But you can’t just use those numbers to formulate some kind of smash-the-patriarchy narrative, since the movie that Pitch 2 “beat” is about smashing the patriarchy. This isn’t a case of a little movie with a passionate female fan base walloping something like a Transformers installment, which is basically a two-and-a-half-hour mash-up of explosion footage and upskirt videos. Mad Max, to the chagrin of MRAs and similar backwards-thinkers, is (title notwithstanding) the story of a female warrior who rescues a group of sexual violence victims and destroys the man who enslaved them. Even if it had “lost” the weekend by a more embarrassing (or, ultimately, less profitable) margin, that wouldn’t be something to celebrate.
And, by the same token, the scores of men who spent the week cheering Max’s feminist messaging can calm down a bit with the “can’t have nice things” despair over Pitch 2 besting Max domestically. Please note: Pitch Perfect 2 is a film directed by a woman, written by a woman, and in which nearly every important role is played by a woman. However you may land on its quality or appeal, this film’s runaway success is also an undeniably good thing.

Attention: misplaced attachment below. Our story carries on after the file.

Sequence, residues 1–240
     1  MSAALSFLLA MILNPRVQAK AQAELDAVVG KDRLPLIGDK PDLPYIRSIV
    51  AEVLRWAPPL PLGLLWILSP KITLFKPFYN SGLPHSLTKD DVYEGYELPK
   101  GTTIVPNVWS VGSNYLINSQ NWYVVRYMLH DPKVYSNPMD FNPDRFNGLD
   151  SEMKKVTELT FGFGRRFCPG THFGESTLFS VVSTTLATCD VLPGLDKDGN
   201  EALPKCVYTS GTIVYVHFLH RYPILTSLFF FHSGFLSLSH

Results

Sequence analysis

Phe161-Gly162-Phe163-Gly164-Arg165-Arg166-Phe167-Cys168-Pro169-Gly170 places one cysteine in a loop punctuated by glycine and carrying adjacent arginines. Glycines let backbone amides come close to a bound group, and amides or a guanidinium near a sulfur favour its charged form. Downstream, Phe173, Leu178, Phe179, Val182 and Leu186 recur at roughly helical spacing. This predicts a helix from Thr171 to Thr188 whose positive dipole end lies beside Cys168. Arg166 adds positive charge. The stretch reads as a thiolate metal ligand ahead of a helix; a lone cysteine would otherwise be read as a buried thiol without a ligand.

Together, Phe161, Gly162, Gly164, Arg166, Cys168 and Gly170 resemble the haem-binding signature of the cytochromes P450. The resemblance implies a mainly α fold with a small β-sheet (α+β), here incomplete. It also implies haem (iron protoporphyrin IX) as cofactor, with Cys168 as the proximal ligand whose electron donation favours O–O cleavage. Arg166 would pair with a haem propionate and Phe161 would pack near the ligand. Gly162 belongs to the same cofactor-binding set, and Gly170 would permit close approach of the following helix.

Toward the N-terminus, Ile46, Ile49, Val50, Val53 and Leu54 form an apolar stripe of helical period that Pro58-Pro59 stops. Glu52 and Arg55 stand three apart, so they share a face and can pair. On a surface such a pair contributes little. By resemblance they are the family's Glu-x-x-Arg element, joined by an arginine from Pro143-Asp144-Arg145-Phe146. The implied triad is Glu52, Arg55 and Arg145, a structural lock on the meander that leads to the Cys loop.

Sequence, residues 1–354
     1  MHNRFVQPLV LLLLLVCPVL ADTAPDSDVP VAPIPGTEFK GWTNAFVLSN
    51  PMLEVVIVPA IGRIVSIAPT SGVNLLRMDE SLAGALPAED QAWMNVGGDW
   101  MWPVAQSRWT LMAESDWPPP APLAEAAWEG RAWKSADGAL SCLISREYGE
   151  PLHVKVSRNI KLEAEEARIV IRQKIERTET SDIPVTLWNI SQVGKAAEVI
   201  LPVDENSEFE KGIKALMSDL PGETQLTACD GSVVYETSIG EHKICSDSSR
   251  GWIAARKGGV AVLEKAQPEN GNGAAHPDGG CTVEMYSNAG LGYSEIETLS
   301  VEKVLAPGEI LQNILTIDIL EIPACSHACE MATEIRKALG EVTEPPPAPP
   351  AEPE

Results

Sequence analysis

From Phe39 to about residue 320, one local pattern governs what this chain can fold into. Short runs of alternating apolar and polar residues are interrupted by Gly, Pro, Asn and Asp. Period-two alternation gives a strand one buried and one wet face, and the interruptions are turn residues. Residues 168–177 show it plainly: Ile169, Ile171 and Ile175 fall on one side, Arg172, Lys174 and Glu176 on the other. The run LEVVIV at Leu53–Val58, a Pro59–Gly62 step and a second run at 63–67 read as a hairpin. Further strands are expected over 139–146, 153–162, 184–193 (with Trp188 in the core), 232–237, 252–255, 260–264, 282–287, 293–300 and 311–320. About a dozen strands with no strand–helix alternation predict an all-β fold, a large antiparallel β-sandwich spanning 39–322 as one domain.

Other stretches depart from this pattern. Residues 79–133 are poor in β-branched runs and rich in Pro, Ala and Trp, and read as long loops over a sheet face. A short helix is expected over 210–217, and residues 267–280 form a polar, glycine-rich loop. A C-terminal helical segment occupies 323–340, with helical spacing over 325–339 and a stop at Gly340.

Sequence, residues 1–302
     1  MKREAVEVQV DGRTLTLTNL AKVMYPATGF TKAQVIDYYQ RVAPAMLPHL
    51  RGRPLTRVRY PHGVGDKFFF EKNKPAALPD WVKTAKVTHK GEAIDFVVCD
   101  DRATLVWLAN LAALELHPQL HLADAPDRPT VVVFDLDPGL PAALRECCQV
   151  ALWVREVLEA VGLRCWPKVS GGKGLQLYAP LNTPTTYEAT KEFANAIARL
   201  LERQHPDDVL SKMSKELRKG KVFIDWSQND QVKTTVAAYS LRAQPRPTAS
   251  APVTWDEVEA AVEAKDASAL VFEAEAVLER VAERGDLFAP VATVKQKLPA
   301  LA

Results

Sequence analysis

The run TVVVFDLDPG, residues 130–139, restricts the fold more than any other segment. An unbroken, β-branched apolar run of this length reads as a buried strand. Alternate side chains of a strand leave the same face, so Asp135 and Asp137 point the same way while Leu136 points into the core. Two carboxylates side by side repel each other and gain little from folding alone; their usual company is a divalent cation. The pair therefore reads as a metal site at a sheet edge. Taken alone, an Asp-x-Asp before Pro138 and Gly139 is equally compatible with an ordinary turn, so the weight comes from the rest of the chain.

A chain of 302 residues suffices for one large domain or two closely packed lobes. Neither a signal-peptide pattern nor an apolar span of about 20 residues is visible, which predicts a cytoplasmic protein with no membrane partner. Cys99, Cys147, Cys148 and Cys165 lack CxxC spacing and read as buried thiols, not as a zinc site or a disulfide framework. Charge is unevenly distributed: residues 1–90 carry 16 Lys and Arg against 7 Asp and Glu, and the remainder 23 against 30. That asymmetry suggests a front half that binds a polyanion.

But that’s the trouble with how box office match-ups like these are reported — and planned, and marketed. And to be fair, the audience tracking falls roughly along the gender lines these analyses are pushing ( Variety : “The crowd for Mad Max: Fury Road was 70% male, while the opening weekend audience for Pitch Perfect 2 was 75% female”). I’d imagine we’ll see similar pre- and post-game hype on the weekend of June 5, when Spy opens against Entourage, a bout which will be framed as “female movie vs. male movie” but would be more accurately summarized as “movie for everybody vs. movie for douchebags and those who love them.”
Neither Pitch Perfect 2 nor Mad Max: Fury Road “won” this weekend, in terms of beating each other; the winner this weekend, any way you slice it, is the majority of moviegoers who’d like to see a bit less of a gender gap onscreen. And reducing either picture to a simple sexual binary does a disservice to the filmmakers, who both pulled off something that, within the confines of backwards-ass mainstream Hollywood, is truly remarkable.